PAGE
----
Alistair Dunsmuir: Securing free marketing for your club15th October, 2012 by Alistair Dunsmuir
One way a golf club can potentially increase income without spending any significant sums of money is via free marketing.
This publicity normally comes when there is a specific story of interest that at least one branch of the media is keen to report on. For example, East Sussex National received global coverage when it hosted the Disabled British Open just before the Paralympics in August, while, at the same time, Lockerbie Golf Club grabbed local attention when it hosted ‘Rockerbie’, a music concert that raised about £6,000 for the club.
However, to maximise the value from this, golf clubs need to proactively promote themselves to the media and then react to requests for information.
Recently I heard of a consumer environmental magazine, which has 20,000 readers per issue, a Twitter account with 40,000 followers, a Facebook page that is liked by more than 18,000 people, a YouTube channel that has had nearly a quarter of a million views and an emailed newsletter that is subscribed to by thousands of people, which approached a golf club about running an article on the considerable ecological improvements it has made to its course and clubhouse (after an environmental body that had worked with the club contacted the journal to highlight the story).
This was quite a coup as previously the magazine had only written negative stories about golf’s impact on the environment, while the club is keen to attract new members despite it investing less than £500 per year on marketing.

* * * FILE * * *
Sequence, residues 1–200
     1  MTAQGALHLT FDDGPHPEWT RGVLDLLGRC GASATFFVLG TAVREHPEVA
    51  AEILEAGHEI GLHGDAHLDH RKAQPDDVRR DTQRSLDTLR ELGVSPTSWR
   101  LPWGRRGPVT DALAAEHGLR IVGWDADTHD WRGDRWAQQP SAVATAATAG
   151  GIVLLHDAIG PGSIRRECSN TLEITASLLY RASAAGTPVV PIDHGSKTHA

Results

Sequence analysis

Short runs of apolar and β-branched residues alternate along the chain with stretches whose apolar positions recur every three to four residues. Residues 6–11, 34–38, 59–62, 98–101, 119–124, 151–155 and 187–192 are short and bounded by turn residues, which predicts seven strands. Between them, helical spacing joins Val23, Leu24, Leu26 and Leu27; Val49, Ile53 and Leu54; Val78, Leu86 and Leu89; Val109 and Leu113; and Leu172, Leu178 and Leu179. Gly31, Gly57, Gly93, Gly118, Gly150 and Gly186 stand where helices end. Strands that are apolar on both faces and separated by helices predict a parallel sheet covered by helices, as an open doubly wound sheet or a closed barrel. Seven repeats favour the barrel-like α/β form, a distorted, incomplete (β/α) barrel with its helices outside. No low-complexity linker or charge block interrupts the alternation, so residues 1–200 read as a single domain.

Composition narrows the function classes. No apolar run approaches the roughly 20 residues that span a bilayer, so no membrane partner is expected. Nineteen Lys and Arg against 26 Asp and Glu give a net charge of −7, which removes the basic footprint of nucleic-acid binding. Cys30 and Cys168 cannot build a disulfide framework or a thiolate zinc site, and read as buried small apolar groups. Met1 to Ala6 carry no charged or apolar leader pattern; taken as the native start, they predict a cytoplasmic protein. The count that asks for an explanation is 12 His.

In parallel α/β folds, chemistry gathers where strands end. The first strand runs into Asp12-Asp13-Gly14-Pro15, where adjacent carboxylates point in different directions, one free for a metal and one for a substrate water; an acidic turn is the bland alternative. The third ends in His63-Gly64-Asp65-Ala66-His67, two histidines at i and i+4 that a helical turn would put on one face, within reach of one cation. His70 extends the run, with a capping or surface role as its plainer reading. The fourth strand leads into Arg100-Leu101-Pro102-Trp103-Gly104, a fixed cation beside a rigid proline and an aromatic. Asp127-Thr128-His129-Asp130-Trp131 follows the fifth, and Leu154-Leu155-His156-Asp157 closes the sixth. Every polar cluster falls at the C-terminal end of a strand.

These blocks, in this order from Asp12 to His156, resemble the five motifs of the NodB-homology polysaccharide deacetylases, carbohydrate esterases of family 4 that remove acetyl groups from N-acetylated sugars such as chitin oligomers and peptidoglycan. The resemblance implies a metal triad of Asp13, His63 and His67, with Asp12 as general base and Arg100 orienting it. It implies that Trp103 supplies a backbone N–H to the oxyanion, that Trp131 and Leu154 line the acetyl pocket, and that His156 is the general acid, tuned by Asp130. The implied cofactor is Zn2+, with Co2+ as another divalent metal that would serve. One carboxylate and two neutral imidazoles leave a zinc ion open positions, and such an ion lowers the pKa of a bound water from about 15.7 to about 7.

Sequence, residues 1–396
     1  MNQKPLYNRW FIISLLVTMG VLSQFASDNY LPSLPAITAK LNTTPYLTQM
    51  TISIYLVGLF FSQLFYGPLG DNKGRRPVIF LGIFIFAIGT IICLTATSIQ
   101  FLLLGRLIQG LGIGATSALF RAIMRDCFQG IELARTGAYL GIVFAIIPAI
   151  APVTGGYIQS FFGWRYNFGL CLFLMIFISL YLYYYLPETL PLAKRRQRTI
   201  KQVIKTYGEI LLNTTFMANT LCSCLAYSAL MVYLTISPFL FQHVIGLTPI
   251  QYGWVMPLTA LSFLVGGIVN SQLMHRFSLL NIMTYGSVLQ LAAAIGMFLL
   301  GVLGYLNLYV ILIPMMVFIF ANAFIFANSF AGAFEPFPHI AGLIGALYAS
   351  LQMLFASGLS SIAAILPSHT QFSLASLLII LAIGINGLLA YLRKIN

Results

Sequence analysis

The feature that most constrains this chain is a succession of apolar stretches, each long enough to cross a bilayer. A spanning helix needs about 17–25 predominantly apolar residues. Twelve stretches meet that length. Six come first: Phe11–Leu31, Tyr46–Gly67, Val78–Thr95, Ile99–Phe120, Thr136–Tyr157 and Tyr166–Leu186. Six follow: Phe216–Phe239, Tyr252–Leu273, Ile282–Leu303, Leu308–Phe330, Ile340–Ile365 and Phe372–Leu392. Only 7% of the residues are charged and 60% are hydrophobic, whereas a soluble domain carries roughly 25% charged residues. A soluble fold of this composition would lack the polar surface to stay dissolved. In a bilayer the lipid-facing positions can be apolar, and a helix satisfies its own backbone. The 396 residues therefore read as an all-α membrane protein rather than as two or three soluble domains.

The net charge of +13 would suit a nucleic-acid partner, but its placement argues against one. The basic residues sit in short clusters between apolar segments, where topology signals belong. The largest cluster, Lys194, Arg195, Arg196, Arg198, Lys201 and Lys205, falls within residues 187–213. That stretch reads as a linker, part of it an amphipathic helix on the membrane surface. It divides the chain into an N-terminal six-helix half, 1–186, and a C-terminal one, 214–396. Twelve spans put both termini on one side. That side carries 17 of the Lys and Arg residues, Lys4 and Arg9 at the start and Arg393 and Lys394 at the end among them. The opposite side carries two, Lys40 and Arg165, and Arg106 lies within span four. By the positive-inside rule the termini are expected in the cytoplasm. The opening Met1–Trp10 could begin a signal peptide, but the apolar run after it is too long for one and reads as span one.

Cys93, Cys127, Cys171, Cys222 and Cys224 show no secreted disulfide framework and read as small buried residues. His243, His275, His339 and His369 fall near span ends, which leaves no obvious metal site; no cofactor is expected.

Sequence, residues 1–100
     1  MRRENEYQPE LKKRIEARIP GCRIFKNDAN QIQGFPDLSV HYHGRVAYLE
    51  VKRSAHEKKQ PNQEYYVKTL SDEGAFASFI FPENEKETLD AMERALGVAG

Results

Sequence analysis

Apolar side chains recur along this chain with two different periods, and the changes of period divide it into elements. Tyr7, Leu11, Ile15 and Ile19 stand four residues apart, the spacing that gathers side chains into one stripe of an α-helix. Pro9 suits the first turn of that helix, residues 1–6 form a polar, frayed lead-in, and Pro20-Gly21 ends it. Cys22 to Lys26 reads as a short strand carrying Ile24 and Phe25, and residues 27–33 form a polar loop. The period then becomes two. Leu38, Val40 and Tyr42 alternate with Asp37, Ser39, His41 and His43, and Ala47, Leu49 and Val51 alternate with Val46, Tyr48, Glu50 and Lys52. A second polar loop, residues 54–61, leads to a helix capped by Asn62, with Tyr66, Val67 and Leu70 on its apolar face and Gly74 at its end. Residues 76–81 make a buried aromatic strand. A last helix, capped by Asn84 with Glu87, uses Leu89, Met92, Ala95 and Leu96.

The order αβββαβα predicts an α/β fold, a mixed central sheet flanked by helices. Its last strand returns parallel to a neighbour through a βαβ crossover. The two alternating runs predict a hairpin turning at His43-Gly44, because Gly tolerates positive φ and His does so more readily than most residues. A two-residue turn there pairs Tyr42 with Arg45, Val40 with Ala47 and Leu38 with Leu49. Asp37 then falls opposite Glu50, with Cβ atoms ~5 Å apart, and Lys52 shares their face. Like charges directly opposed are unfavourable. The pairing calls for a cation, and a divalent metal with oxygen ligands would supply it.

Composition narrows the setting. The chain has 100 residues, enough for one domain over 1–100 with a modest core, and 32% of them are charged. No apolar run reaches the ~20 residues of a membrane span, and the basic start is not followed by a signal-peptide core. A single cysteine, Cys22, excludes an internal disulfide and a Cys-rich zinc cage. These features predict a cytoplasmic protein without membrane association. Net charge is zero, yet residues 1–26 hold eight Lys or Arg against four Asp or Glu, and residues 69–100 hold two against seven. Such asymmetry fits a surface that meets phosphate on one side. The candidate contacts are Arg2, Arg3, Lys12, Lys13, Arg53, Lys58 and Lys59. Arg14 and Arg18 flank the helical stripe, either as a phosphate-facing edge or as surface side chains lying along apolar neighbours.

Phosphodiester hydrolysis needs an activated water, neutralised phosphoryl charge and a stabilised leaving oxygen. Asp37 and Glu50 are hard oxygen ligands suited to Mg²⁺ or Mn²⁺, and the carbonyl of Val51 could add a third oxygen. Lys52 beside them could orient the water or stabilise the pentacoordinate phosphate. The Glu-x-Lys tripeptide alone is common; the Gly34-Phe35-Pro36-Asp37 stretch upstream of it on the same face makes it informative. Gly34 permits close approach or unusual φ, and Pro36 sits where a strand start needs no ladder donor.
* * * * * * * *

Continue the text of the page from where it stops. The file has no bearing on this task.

However, when the publication requested a handful of quotes from the golf club – to supplement what the original source had written – plus specific environmental and generic marketing pictures, nothing was sent. Several attempts over the next two weeks proved equally fruitless. Finally the manager emailed over a picture, seemingly taken hurriedly on his mobile phone, of the course. Unfortunately, this was not of a good enough quality and the feature was dropped.
If the club had spent less than 30 minutes providing what was needed, it would have secured marketing that, based on its existing expenditure, would have otherwise required more than 20 years to save up for.
Free marketing is a tremendous opportunity to showcase your golf club. But it is unlikely that zero cost publicity can be achieved through zero effort.